Sunday, March 20, 2016

Video review: "The Hunger Games: Mockingjay – Part 2"

Prepare to be shocked: I actually read all of the “Hunger Games” novels by Suzanne Collins, most of them prior to their movie version coming out.

Prepare to be even more shocked -- shockeder? -- I actually enjoyed them.

So when I pile on these films, it’s not out of dismissive distaste for young adult fiction in general or this series in particular. It’s out of… well, not love exactly. But at least like, which is genuine if not overly exuberant.

The biggest problem with “The Hunger Games: Mockingjay -- Part 2” is the “Part 2.”

This series, like other science fiction and fantasy genres (Harry Potter, The Hobbit, Twilight) takes the artistically craven idea of splitting up the last book into two different movies. It’s a transparent -- and successful -- attempt to wrangle twice the ticket sales from the same amount of story. Having come along already for two, three or more movies, fans are unlikely to bail. So it’s “print your own money” time.

This is the sort of decision made by accountants rather than storytellers.

While decently engaging, there simply isn’t enough narrative in Collins’ “Mockingjay” to justify nearly five hours’ worth of movie. The result is an overlong bore with surprisingly few action scenes or emotional thrills.

As the story opens, heroine Katniss Everdeen (Jennifer Lawrence) is leading a small team of rebels into the heart of the Capitol District to overthrow the nefarious President Snow (Donald Sutherland), who kept the outlying districts in line by making their youngsters fight in gladiator-style games lapped up by the jaded television viewing masses.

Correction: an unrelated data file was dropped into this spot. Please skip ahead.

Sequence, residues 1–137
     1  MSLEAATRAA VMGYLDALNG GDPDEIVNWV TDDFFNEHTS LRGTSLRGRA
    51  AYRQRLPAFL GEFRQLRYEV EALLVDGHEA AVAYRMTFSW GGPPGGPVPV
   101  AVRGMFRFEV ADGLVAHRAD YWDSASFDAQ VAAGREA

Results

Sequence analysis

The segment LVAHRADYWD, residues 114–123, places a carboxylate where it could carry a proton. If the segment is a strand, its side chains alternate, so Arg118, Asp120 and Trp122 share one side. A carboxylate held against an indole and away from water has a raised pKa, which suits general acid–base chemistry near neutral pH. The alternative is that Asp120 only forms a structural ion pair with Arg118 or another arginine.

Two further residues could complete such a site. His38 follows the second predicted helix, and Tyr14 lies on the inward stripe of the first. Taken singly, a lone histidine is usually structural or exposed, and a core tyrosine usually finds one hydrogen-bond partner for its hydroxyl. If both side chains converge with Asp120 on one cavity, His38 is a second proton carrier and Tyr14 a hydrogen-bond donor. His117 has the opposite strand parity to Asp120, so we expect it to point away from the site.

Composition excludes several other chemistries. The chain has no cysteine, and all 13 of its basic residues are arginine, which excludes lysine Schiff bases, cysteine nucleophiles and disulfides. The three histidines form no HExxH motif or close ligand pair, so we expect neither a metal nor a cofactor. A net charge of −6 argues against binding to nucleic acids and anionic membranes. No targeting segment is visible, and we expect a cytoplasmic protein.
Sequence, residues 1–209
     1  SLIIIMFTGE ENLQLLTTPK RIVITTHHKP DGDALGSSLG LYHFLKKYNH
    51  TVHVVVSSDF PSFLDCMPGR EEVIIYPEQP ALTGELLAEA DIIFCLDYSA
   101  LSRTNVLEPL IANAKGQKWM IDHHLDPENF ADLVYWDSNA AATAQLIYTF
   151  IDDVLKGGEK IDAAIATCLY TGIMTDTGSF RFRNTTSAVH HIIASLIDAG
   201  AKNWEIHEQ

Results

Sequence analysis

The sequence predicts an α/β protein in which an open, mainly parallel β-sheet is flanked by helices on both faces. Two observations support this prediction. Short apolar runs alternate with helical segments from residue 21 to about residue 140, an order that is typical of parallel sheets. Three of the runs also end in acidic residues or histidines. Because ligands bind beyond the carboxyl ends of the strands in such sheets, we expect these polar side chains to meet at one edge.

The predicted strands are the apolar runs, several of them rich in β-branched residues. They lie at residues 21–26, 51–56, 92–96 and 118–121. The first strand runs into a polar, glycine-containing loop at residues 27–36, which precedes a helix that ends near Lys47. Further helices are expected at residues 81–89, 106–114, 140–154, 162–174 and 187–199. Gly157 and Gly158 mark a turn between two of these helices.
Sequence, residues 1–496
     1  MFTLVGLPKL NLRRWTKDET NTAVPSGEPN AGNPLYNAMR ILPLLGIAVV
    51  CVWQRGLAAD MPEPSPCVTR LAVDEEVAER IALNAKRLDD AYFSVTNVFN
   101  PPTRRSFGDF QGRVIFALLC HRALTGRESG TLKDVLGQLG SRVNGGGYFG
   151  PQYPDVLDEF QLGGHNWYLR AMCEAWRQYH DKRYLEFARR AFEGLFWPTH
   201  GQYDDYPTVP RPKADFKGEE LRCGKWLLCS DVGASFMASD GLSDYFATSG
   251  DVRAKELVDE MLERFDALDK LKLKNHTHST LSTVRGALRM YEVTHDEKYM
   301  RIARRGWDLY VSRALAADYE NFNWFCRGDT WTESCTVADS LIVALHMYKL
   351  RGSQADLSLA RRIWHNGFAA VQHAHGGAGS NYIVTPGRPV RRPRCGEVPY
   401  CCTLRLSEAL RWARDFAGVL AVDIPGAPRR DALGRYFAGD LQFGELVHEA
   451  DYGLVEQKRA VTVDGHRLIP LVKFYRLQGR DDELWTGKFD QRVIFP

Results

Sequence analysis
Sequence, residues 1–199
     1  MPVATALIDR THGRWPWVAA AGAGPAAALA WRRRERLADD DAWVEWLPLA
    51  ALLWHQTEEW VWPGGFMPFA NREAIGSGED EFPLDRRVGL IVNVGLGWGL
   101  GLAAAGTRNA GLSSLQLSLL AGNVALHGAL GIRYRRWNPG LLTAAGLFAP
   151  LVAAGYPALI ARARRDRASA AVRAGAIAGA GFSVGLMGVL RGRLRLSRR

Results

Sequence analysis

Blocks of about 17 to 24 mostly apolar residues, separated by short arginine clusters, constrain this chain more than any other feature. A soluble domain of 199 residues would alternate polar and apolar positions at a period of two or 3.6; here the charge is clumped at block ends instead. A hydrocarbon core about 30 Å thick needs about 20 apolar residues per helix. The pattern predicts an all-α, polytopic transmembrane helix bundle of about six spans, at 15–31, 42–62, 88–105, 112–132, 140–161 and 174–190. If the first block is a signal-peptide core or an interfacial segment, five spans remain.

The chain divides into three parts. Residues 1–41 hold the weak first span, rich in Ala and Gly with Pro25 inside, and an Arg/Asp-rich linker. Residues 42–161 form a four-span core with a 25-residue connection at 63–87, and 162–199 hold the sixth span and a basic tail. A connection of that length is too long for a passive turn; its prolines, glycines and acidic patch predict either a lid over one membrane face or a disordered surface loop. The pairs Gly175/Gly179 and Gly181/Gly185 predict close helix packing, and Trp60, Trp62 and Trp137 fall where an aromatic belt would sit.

The city has been laden with high-tech traps -- mutants, fireballs, snares, etc. -- so they’re essentially traversing through another iteration of the Hunger Games.

Complicating things is the presence of Peeta (Josh Hutcherson), a fellow contestant from Katniss’ home district who was kidnapped and brainwashed by Snow. They faked a romance, and even a pregnancy, to earn the adulation of fans and become the first-ever couple to jointly win the Games. But now Peeta lives in a state of induced paranoia, and thinks Katniss is the cause of all his pain.

It’s hard to lead an assassination effort when a member of the team is trying to kill you, too.

Fold in the shifting schemes of the insurgent leader (Julianne Moore) and the mysterious machinations of the chief Gamemaker (the late and sorely missed Philip Seymour Hoffman), and you’ve got a confusing mishmash of loyalties and threats.

While “Mockingjay” the book built up to a serviceable crescendo in both plot and character development, the second half of the movie adaptation is surprisingly dull. Not enough action happens to keep us engaged, and the talkie scenes in between feel like labored filler.

Big budget, multi-part film franchises should continually raise the stakes and suck us ever further into the story. “The Hunger Games: Mockingjay -- Part 2” limps to a drawn-out ending.

Whatever you want to say about the quality of these films, they’ve consistently been released on video with top-drawer bonus features. This time is no exception.

There is a full commentary track with director Francis Lawrence and producer Nina Jacobson; an eight-part, feature-length documentary touching on virtually every aspect of the production, from special effects to casting; a photographic look at the behind-the-scenes journey; costume sketches; an exhibition from past fictional Panem Games, and more.

You can also buy “The Hunger Games Complete 4-Film Collection,” which includes 14 hours of bonus content from all the movies, including 139 featurettes and dozens of deleted scenes, many of them never seen before.



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